mass are estimated accurately. For this purpose, the proposed since 1930, this horseshoe shape tunnel has struggled with severe

Table 3

Recommended grouted bolt densities for a reinforced tunnel of 2.5 m radius for different rock classes (ﬁeld stress = 15 MPa, grouted bolt diameter = 32 mm), key: the use of bolt

couplings for installation of long bolts in small diameter tunnel must be applied.

**GSI Deﬁnition Lb (m) ST and SL (m) squared β/λ β at λ = 0.6 Possible yielding
**

pattern assumed around the tunnel

81–100 Very good No support required 0.0 No yielding

61–80 Good 2 to 3 2.0–2.5 0.06–0.04 0.038–0.024 Minimal

41–60 Fair 3 to 5 1.5–2.0 0.11–0.06 0.067–0.038 Minimal–major

31–40 Relatively poor 5 to 6 1.0–1.25 0.25–0.11 0.151–0.067 Major

21–30 Poor ≥6 1.0 0.25 0.151 Major–excessive

<20 Very poor ≥6 0.8 0.39 0.236 Excessive

R.R. Osgoui, E. Ünal / Engineering Geology 107 (2009) 154–166 163

Table 4

Parameters used in calculating Modiﬁed-GSI and support pressure.

**Calculation of Modiﬁed-GSI (Fig. 1) Estimation of the support pressure
**

Prevailing BSTR type = 2 Completely loss of blockiness Rock mass unit weight (γ) 0.025 MN/m3

Intact core recovery (ICR) <25% Disturbance factor (d) 0.5 (Table 1), usual blasting with local damage

Joint condition index (IJC) = 7 ICR < 25%, bs = 2, completely Correction factor for squeezing ground 1.8 (Table 2),

extreme degree of squeezing, considering

σ cm

weathered W = 2, without ﬁlling condition (Sq) Po = 0:101

Modiﬁed-GSI = 13–15 Very poor rock mass Correction factor for stress ﬁeld (Cs) 1.4 (Fig. 3), best assumption for relatively shallow tunnel

in very poor rock mass is k = σσ hv = 1:0

σcr = 5 MPa σci = 5 MPa, Sr = 1(Eq. (11)), for perfectly plastic material

that should be used for very poor rock mass.

stability problems. These problems are associated with the existence ing phenomenon). A large amount of deformation developing through

of a very poor rock mass around the tunnel, underground water or many years and leading to misalignment of the tunnel was observed.

seepage pressure, and considerable amount of convergence (squeez- This excessive deformation is mainly attributed to the squeezing

**Fig. 11. Systematic bolt pattern around Malatya Railroad Tunnel.
**

164 R.R. Osgoui, E. Ünal / Engineering Geology 107 (2009) 154–166

ground condition in which the rock stress exceeds its strength in the the use of systematically grouted bolts the extent of the yielding and

passage of time. convergence decreased. The MAI-bolts, like ordinary grouted bolts,

As for squeezing ground condition, the in-situ stress was assumed develop load as the rock mass deforms. Relatively small displacements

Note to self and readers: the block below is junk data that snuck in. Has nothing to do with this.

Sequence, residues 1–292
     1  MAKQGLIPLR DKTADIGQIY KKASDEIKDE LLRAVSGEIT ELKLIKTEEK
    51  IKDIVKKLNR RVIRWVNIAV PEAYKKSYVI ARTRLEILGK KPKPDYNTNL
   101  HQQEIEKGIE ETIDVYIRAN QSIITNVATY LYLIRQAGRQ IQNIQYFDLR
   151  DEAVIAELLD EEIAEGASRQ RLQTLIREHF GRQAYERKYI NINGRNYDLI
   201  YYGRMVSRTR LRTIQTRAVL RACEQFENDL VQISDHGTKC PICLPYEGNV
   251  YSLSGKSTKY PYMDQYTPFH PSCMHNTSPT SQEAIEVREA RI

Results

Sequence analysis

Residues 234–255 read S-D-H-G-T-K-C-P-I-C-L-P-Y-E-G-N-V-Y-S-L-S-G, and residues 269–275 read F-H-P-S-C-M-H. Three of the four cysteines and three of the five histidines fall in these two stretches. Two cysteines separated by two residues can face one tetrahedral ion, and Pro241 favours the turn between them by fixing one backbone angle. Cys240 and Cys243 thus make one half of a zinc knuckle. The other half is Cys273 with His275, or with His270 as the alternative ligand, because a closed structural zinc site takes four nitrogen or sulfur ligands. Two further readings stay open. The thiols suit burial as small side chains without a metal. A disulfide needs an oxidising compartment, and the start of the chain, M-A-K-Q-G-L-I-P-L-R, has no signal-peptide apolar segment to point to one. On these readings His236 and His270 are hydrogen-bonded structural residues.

to equal to product of the depth below surface and the unit weight of are normally sufﬁcient to mobilize axial bolt tension by shear stress

the rock mass. Considering that the vertical in-situ stress and the rock transmission from the rock to the bolt surface (Indraratna and Kaiser,

mass strength were 1.54 MPa and 0.156 MPa, the rock mass strength to 1990).

in-situ stress ratio is 0.101. Hence, even from this criterion, a huge For rock reinforcement design, the squeezed-section of the tunnel

amount of convergence would have been anticipated. In 2002, a that should be supported was divided into three groups namely; A1,

collapse occurred inside the tunnel followed by a failure in support A2, and B. Using MAI-bolts with diameter of 32 mm and yield capacity

system. This phenomenon was ascribed, to a great extent, to the of 280 kN, the bolt density (Eq. (15)) was obtained β = 0.17. Then, the

severe squeezing ground condition along with remarkable amount of bolt spacing was calculated 0.94 m, using Eq. (18), to create a

uncontrolled convergence as shown in Fig. 10. systematic bolting pattern of 1.0 m × 0.9 m (i.e. ST = 1.0 m × SL = 0.9 m,

Following a comprehensive geological and geomechanical inves- ST,SL = transversal and longitudinal spacing, respectively).

tigation, the overall Modiﬁed-GSI of rock mass was approximately Depending on group types of the tunnel section, the bolt length

calculated 13–15 as, in detail, outlined in Table 4. (Lb) of 6 m and 9 m were preferred to satisfy the criterion considered

Having determined the Modiﬁed-GSI, the expected support load in Section 4.1. These deﬁned lengths prevented the plastic zone

was estimated 0.31 MPa using Eq. (5). The value of parameters used in thickness from exceeding the anchor length of the bolts. A total of 15

estimating the support pressure is given in Table 4. rock bolts were installed around the tunnel except for invert. Floor